Author Contributions W.D.J. carried out all the experiments and analysed the data. P.C. and I.G.K. generated and characterized the Gr63a-sytRFP transgene in the laboratory of S. L. Zipursky at UCLA. W.D.J. and L.B.V. together designed the experiments, interpreted the results, produced the figures, and wrote the paper.

Genbank accession numbers for A. gambiae genes in this paper are: GPROR7 (AY843205), GPRGR22 (DQ989011) and GPRGR24 (DQ989013). Genbank accession numbers for D. melanogaster genes in this paper are: Gr10a (DQ989010), Gr21a (DQ989014) and Gr63a (DQ989012).

Author information

Authors and Affiliations

Authors

Corresponding author

Correspondence to Leslie B. Vosshall.

Ethics declarations

Competing interests

Genbank accession numbers for A. gambiae genes in this paper are: GPROR7 (AY843205), GPRGR22 (DQ989011) and GPRGR24 (DQ989013). Genbank accession numbers for D. melanogaster genes in this paper are: Gr10a (DQ989010), Gr21a (DQ989014) and Gr63a (DQ989012). Reprints and permissions information is available at www.nature.com/reprints. The authors declare no competing financial interests.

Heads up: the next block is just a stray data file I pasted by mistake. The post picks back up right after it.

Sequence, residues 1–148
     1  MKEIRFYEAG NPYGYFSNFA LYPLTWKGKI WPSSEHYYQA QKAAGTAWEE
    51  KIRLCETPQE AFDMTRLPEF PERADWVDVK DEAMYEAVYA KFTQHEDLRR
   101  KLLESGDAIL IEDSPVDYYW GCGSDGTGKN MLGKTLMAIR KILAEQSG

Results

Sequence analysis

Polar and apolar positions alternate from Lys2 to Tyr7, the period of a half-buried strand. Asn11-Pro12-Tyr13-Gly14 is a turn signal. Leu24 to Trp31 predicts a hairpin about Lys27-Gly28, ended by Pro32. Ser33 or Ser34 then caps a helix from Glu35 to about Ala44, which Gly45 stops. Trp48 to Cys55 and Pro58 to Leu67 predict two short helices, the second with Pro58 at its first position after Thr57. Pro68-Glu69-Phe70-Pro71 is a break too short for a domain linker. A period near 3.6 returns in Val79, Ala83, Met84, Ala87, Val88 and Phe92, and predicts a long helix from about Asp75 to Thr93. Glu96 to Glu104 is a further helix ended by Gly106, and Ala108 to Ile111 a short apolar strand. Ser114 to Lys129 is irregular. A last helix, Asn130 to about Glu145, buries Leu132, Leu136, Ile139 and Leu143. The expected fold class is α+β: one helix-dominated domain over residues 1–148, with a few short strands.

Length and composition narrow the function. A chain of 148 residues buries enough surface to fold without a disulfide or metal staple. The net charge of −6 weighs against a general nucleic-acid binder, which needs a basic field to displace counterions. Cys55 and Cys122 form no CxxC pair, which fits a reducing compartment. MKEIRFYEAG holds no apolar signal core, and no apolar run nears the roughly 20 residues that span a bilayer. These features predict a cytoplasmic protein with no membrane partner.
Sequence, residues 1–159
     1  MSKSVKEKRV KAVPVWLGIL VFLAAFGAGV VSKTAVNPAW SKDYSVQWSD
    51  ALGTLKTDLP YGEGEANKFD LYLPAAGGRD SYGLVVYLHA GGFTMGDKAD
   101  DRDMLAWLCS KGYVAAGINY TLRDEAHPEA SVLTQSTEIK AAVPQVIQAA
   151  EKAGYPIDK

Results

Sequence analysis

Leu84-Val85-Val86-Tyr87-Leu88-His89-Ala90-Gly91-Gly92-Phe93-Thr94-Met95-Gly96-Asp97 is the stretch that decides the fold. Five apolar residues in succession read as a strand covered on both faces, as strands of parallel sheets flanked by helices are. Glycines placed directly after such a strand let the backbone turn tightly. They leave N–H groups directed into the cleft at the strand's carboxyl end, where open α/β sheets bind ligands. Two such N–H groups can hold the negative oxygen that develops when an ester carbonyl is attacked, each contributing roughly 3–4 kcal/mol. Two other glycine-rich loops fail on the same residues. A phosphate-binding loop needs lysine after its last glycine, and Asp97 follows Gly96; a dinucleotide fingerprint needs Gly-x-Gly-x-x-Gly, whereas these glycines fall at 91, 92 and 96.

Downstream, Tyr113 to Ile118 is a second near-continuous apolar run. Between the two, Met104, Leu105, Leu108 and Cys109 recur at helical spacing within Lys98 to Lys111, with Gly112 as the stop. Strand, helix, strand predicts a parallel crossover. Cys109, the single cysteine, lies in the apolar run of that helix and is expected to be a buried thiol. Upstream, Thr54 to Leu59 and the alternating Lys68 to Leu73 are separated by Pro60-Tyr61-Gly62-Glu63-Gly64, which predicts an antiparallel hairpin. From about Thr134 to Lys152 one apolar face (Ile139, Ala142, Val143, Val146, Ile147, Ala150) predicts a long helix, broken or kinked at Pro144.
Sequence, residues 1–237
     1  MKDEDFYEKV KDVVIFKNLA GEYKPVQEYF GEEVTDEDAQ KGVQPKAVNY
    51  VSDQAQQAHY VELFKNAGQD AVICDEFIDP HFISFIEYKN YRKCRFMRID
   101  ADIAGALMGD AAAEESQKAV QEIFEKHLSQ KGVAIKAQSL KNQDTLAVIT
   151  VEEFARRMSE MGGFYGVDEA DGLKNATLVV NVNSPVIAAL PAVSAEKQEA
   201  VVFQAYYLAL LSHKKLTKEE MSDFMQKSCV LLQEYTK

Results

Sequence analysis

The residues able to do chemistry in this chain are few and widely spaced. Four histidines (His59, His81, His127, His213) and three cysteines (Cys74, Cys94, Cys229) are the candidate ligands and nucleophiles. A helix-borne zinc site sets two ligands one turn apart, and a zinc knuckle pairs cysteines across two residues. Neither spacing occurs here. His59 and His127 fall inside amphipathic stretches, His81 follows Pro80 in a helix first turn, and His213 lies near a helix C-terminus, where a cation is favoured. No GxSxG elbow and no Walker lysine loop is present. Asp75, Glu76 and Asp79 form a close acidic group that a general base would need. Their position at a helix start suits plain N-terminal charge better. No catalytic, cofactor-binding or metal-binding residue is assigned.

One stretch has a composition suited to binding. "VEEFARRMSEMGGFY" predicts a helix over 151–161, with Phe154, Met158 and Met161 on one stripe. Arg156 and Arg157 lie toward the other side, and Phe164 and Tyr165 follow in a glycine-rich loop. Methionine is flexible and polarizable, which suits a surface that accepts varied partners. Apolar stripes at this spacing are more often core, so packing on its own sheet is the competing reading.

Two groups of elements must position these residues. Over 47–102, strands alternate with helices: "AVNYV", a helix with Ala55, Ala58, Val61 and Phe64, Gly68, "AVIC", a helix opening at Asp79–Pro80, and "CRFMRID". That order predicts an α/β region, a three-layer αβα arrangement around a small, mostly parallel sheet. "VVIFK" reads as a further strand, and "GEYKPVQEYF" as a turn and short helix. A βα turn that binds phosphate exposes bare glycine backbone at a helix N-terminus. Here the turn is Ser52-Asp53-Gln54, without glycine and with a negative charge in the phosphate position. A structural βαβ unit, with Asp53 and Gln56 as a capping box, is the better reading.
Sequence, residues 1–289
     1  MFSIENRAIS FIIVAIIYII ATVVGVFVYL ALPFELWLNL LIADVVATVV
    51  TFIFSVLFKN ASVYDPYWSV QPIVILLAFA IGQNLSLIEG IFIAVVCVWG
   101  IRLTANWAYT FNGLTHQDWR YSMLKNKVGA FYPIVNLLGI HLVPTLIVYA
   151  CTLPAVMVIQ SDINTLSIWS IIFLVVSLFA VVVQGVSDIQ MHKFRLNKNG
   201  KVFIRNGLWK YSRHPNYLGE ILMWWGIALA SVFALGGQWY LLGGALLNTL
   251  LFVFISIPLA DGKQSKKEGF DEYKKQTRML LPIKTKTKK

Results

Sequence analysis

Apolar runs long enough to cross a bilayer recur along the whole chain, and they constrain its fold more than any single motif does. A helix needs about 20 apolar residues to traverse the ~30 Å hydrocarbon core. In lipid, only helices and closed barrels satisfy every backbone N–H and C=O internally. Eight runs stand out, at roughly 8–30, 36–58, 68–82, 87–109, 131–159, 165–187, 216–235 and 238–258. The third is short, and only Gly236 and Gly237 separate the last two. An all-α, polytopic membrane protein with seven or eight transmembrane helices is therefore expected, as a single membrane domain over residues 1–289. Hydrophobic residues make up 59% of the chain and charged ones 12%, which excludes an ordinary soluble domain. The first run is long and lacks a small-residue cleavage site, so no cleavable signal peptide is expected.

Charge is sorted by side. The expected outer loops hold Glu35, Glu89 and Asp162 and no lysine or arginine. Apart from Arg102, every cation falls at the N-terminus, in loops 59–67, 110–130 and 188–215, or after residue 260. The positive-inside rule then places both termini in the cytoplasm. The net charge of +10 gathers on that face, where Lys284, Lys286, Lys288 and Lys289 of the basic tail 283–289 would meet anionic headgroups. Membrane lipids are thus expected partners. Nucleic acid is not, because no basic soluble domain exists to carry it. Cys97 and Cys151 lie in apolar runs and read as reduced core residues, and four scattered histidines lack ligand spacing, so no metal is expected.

Supplementary information

Supplementary Information

This file contains detailed Supplementary Methods. (PDF 112 kb)

Rights and permissions

Reprints and Permissions

About this article

Cite this article

Jones, W., Cayirlioglu, P., Grunwald Kadow, I. et al. Two chemosensory receptors together mediate carbon dioxide detection in Drosophila. Nature 445, 86–90 (2007). https://doi.org/10.1038/nature05466

Download citation

  • Received:

  • Accepted:

  • Published:

  • Issue Date:

  • DOI: https://doi.org/10.1038/nature05466

This article is cited by

Comments

By submitting a comment you agree to abide by our Terms and Community Guidelines. If you find something abusive or that does not comply with our terms or guidelines please flag it as inappropriate.

Search

Quick links

Nature Briefing

Sign up for the Nature Briefing newsletter — what matters in science, free to your inbox daily.

Get the most important science stories of the day, free in your inbox. Sign up for Nature Briefing